Shell Oil intends to act on Camilletti oil well permit this summer, but won’t frack it
Steamboat Springs — When Shell Oil looks to drill four new wells in Routt County this year, at the top of the list will be the Camilletti well north of Milner. But things will be different this time around.
Shell’s Matt Holman, a senior geologist and project manager in this region, said Wednesday that his company doesn’t intend to use hydraulic fracturing at the well. Quicksilver Resources previously had intended to use the controversial drilling technique at the Camilletti well.
“I want to drill that well, but I’m not going to frack it,” Holman said.
It’s a different story across the border in Moffat County, however. Holman told residents there Tuesday that his company was preparing to frack two wells there with a mix of water, sand and guar gel.
Holman was attending a public open house at Library Hall in downtown Steamboat Springs on Wednesday afternoon. Dozens of people circulated among different display booths where Shell employees stood by to answer questions in their particular areas of expertise. There were booths devoted to oil well safety, environmental issues and drilling technology, for example. Shell representatives held an open house in Hayden on Wednesday evening.
Shell and Quicksilver consummated a deal in early January that calls for the two companies to develop their interests jointly in the Northwest Colorado oil field known as Sand Wash Basin and to include Routt County. The area in which their leases are contained spans 850,000 acres. The agreement calls for Shell to assume responsibility for drilling and operation of new wells.
Routt County Planning Director Chad Phillips, who also attended the open house Wednesday, confirmed that although the county has approved the Camilletti permit, Quicksilver never has signed it, and it has not been issued.
Holman said he hoped to consult with planning staff to see if the details of the water quality monitoring wells the county required of Quicksilver might be adapted given that Shell doesn’t plan to use hydraulic fracturing.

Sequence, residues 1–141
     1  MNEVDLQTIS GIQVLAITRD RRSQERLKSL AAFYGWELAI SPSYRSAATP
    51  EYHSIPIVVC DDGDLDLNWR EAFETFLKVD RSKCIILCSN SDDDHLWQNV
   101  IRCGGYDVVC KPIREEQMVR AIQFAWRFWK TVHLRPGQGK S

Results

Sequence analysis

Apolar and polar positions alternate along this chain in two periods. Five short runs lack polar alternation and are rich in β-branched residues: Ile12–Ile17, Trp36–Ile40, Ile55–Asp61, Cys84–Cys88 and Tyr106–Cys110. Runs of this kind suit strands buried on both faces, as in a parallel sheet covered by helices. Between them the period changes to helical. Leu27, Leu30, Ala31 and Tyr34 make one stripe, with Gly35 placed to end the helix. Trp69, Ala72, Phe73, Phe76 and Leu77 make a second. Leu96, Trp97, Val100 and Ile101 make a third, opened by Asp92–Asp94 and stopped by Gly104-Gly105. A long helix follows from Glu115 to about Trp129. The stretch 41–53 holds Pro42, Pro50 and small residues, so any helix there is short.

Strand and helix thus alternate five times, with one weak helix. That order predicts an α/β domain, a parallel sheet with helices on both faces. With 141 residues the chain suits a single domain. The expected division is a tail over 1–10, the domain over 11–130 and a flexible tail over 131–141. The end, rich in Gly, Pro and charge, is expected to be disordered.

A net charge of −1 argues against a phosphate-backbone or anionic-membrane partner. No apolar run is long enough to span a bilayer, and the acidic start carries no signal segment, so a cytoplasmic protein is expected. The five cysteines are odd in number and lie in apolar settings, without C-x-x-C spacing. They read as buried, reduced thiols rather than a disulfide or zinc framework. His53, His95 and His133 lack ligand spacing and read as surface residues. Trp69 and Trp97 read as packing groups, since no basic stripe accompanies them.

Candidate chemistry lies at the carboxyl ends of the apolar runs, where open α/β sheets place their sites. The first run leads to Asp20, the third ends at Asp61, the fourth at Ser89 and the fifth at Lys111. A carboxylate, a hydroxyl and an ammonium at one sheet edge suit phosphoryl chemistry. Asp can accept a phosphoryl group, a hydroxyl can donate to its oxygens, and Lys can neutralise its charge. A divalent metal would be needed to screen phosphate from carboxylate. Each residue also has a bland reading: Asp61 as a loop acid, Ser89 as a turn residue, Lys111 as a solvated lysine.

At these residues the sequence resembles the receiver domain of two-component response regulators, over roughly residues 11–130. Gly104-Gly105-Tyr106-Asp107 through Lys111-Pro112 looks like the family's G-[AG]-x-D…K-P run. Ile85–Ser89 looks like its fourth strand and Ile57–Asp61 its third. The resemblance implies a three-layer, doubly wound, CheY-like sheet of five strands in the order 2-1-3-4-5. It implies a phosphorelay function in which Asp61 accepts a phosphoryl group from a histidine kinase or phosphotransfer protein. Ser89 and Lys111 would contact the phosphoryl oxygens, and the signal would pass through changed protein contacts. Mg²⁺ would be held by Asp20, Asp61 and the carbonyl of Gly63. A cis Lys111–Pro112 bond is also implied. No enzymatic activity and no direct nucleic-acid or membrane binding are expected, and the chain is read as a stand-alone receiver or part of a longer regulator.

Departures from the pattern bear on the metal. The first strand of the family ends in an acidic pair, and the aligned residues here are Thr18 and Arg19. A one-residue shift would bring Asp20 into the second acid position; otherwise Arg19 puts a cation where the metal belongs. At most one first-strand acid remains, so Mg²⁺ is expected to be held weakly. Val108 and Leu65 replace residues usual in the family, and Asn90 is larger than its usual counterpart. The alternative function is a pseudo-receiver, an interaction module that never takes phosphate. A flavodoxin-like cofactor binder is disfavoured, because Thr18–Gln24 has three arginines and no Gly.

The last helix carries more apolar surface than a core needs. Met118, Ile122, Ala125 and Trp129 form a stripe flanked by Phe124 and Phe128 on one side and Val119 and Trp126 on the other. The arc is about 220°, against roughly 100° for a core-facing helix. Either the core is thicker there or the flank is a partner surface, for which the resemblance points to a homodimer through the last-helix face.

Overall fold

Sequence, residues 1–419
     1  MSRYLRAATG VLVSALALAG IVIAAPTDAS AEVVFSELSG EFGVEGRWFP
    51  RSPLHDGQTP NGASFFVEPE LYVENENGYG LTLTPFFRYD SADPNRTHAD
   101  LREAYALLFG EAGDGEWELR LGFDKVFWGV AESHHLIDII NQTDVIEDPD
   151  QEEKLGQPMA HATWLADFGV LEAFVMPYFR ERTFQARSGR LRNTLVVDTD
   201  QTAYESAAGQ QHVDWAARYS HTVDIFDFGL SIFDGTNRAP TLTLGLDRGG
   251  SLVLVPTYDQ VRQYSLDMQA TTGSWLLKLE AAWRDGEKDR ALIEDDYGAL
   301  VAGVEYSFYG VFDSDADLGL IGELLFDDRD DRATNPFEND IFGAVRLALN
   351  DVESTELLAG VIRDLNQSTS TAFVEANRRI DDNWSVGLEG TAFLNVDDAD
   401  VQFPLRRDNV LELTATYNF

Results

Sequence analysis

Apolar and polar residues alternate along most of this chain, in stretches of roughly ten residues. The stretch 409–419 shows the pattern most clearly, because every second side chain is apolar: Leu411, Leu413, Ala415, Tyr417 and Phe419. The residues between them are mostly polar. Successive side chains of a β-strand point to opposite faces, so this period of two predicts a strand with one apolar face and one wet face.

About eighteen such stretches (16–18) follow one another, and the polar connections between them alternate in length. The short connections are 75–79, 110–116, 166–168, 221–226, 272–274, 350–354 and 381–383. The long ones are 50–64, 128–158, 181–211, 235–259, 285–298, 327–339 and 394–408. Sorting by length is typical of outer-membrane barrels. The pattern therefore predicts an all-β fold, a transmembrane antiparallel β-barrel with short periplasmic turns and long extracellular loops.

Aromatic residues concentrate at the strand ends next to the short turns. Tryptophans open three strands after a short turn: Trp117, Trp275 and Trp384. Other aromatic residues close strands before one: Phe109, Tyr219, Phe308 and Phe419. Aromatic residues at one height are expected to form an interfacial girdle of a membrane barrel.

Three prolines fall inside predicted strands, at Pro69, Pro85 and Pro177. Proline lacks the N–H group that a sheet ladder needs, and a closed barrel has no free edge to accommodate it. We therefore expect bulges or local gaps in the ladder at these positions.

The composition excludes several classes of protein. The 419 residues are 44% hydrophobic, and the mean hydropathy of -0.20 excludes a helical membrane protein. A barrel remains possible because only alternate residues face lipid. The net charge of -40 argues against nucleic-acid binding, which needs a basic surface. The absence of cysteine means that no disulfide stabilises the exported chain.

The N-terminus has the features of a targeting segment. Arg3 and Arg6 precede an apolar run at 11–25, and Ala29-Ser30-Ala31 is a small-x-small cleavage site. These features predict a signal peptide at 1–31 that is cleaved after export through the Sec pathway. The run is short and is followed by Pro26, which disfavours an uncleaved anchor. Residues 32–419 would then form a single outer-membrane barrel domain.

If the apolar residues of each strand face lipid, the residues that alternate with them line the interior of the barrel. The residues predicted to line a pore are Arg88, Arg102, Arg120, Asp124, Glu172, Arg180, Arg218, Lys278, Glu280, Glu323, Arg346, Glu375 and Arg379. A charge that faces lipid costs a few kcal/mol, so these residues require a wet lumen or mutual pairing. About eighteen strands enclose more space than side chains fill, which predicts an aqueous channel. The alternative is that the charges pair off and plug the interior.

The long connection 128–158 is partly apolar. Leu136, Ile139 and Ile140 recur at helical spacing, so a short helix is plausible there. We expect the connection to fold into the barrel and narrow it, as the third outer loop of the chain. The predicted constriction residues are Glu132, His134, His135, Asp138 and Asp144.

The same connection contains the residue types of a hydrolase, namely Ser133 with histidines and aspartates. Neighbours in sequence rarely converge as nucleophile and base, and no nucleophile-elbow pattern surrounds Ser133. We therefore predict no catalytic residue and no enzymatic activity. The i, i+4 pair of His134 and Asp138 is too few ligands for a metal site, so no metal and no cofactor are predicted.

“I assume some modification is in order,” Holman said. “We’ll rely on staff’s guidance.”
While remaining noncommittal, Phillips acknowledged that the elaborate water test well recommended by the county’s consultant for the Camilletti well no longer may be necessary.
Another change in the oil well permitting process since the Camilletti well was approved is that the Colorado Oil and Gas Conservation Commission has approved its new Rule 609 specifically calling for sampling of a defined number of nearby water wells before a well is drilled to establish baseline water quality and again after it is completed to detect any changes.
At the end of a different oil well permit hearing Tuesday afternoon, Routt County Commissioner Doug Monger remarked that “we’re out of the water business now” that Rule 609 is in place.
Holman said in addition to the Camilletti well, his company would like to drill three more this year in Routt County and 13 others in Moffat County. One Routt County well would be within 5 miles of the Dawson Creek well drilled in 2012 south of Yampa Valley Regional Airport.
Holman said none of the three 2012 Routt County wells is in production at this point as his company continues to explore the Niobrara Shale here. Generally, he said, the shale layer in Routt is deeper than it is in Moffat’s Williams Fork Unit, and as a result there is more gas associated with the oil here. That can be a good thing, Holman said.
“The gas creates pressure that has the energy to move the hydrocarbons around” and can potentially allow the oil to flow without stimulation through methods such as fracking, he said.
The Routt County Board of Commissioners voted to grant Quicksilver a permit for the Camilletti well in July after sometimes contentious public hearings that stretched throughout seven months.
Quicksilver objected to conditions of approval required by the county that required the energy exploration company to install water quality monitoring wells intended to detect any escaped chemicals, possibly related to fracking fluids, that might flow down gradient to homes in unincorporated Milner.
To reach Tom Ross, call 970-871-4205 or email tross@SteamboatToday.com
Support Local Journalism
Support Local Journalism
Readers around Craig and Moffat County make the Craig Press’ work possible. Your financial contribution supports our efforts to deliver quality, locally relevant journalism.
Now more than ever, your support is critical to help us keep our community informed about the evolving coronavirus pandemic and the impact it is having locally. Every contribution, however large or small, will make a difference.
Each donation will be used exclusively for the development and creation of increased news coverage.
Start a dialogue, stay on topic and be civil.
If you don't follow the rules, your comment may be deleted.
User Legend: Moderator Trusted User
SILT — Water managers are dealing with the after effects of the Grizzly Creek Fire and subsequent mudslides in Glenwood Canyon by continuing a water quality monitoring program.